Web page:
Victor Davis Hanson says that both “showing your papers” and discrimination are as American as apple pie. With respect to the “papers please issue”, Hanson writes in the National Review that: “I have done that numerous times this year — boarding airplanes, purchasing things on a credit card, checking into a hotel, showing a doorman an I.D. when locked out, going to the DMV”. But Professor Hanson’s most interesting point is that certain kinds of discrimination are viewed as instruments of “fairness”. For example, take life at the University.
we already profile constantly. When I had top classics students, I quite bluntly explained to graduating seniors that those who were Mexican American and African American had very good chances of entering Ivy League or other top graduate schools from Fresno, those who were women and Asians so-so chances, and those who were white males with CSUF BAs very little chance, despite straight A’s and top GRE scores. The students themselves knew all that better than I — and, except the latter category, had packaged and self-profiled themselves for years in applying for grants, admissions, fellowships, and awards. I can remember being told by a dean in 1989 exactly the gender and racial profile of the person I was to hire before the search had even started, and not even to “waste my time” by interviewing a white male candidate. Again, the modern university works on the principle that faculty, staff, and students are constantly identified by racial and gender status …
The unseen third party in the Arizona immigration debate is “positive discrimination”. Asking for people to be actually subject to the same criteria is particularly objectionable because it undermines an implicit public policy goal of giving ‘disadvantaged’ groups a leg up by making things easier for them. It’s not discrimination that’s bad, but the kind of discrimination that matters. In this world, it is immoral to ask a ‘poor migrant’ to produce papers. That’s “Nazism” but a ‘rich migrant’ of the same color is not only subjected to the “papers please” requirement but asked to post bonds, show property ownership, exhibit bank accounts, subject himself to security clearances, health checks and attend interviews with a nameless consular official sitting behind an armored glass window. And then if he does all that, he can be asked to wait. And wait. And wait. Hanson describes how this works:
Literally thousands of highly skilled would-be legal immigrants from Latin America, Africa, Asia, and Europe wait patiently while others cut in front and illegally obtain what others legally wait for — residence in the U.S. … It is a bit strange that those of the upper classes are outraged over Arizona without empathy for entry-level U.S. workers or lower-middle-class taxpayers who end up paying the most for illegal immigration. But then, those who express the most moral outrage often are the least sensitive to the moral questions involved.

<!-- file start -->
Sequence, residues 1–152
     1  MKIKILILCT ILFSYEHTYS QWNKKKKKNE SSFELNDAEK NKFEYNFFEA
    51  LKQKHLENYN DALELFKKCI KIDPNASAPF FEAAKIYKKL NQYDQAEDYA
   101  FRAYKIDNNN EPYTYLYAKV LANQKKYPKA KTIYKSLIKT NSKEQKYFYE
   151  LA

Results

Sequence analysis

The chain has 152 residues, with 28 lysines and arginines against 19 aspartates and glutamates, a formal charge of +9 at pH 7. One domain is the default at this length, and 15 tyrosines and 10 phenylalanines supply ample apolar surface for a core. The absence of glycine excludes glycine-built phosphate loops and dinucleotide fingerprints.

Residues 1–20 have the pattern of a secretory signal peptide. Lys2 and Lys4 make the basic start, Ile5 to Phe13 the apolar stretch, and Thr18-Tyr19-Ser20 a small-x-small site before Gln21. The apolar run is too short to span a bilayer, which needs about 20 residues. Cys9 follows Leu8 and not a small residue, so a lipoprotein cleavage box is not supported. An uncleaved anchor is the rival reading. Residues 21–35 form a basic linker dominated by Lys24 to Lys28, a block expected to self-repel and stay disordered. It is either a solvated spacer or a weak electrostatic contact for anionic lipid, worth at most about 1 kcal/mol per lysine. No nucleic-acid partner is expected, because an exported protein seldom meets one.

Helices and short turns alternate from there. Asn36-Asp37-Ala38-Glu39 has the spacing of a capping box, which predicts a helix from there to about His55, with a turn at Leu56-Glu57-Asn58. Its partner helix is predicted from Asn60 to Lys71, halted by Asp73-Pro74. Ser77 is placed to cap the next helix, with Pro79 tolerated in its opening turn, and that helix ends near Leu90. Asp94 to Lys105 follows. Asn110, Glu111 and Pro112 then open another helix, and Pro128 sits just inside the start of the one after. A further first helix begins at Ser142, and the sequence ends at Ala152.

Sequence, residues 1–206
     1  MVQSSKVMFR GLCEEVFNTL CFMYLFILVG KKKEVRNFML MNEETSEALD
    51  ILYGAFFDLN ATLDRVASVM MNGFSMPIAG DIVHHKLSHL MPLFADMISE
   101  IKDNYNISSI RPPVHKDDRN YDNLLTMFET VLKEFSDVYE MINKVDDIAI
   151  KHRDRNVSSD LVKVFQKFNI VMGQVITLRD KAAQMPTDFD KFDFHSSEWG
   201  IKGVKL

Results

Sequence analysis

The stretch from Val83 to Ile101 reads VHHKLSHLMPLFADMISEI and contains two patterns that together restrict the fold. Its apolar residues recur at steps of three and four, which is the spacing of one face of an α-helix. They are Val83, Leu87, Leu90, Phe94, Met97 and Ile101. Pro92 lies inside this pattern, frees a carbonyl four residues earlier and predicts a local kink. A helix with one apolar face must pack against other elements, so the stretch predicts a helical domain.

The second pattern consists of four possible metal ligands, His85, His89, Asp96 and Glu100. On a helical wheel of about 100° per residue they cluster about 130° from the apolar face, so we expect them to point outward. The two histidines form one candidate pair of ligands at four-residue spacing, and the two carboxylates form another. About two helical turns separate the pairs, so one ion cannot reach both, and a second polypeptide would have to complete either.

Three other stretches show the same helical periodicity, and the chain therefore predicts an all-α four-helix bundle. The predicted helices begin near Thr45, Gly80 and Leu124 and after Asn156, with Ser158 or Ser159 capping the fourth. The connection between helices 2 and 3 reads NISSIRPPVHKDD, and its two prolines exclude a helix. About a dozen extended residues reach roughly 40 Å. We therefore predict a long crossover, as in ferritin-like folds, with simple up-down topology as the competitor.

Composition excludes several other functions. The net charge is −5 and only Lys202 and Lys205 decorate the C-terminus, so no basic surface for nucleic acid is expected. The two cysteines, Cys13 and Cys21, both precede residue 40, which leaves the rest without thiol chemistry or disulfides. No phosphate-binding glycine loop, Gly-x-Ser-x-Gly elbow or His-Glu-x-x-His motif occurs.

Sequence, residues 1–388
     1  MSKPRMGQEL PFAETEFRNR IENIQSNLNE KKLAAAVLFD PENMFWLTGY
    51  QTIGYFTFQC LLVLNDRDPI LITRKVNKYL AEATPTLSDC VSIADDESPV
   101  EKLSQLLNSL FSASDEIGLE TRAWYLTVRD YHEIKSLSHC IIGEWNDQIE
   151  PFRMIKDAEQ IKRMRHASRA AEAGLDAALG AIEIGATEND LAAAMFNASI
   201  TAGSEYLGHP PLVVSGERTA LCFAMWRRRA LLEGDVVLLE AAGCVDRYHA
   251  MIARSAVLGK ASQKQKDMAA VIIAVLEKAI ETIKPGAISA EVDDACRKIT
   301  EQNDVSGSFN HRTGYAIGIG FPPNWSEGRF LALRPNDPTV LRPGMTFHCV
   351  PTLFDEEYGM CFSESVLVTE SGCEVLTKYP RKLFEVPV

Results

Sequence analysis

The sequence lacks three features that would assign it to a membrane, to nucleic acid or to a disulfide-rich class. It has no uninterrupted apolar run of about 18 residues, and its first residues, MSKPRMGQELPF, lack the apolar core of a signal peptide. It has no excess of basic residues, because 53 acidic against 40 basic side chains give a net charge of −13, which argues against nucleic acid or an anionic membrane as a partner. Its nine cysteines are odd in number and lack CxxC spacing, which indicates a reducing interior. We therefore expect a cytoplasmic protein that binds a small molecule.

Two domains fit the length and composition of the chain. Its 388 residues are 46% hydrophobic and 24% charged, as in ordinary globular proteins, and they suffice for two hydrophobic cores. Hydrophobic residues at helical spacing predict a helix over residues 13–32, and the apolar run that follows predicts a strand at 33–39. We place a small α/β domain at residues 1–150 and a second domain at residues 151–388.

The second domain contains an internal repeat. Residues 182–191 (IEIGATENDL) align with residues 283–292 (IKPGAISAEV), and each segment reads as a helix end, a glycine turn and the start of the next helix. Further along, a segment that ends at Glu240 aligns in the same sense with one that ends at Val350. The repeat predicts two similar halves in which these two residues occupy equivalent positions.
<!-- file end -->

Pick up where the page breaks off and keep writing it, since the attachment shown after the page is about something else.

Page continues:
Wikipedia describes the kinds of waits involved for different categories of legal immigrants. It might take a legal immigrant five years to be reunited with his wife or minor child or 11 years to see his brothers. And if you’re a skilled worker the waiting line is the better part of a decade long. But that’s because you’re not a ‘migrant’, because in that case it’s a moral duty to help them across the border by leaving stashes of water, food. The people smugglers benefit thereby, but that’s nothing to the point.
|CATEGORY||NUMBERS WAITING||WAITING TIME|
|F1||Unmarried sons and daughters (21 years of age or older) of U.S. citizens||23,400||6–7 years|
|F2A||Spouses and minor children (under 21 year old) of lawful permanent
|F2B||Unmarried sons and daughters (21 years of age or older) of lawful
|F3||Married sons and daughters of U.S. citizens||23,400||8–9 years|
|F4||Brothers and sisters of adult U.S. citizens||65,000||10–11 years|
|EB3||Skilled workers, professionals, and other workers||40,000||7–8 years|
But in any case the legal immigrant or visitor will have to show his papers. And what papers! Anyone who thinks that showing your papers on American soil isn’t normal might want to read this description of what its like to attend a visa interview in Melbourne, Australia.